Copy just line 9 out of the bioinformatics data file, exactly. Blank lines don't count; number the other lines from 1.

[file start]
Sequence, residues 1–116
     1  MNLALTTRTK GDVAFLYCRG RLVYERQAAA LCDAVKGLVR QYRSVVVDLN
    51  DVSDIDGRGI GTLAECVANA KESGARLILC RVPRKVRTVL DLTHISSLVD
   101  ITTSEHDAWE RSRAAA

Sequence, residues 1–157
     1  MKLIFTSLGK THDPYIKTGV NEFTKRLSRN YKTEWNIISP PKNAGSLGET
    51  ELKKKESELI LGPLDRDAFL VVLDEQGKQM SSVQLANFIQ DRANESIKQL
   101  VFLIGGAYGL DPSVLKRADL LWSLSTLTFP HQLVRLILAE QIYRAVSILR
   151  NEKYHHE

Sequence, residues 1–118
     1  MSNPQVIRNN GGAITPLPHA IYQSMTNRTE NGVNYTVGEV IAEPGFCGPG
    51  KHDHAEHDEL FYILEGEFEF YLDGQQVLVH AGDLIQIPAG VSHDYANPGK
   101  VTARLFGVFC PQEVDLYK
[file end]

   151  NEKYHHE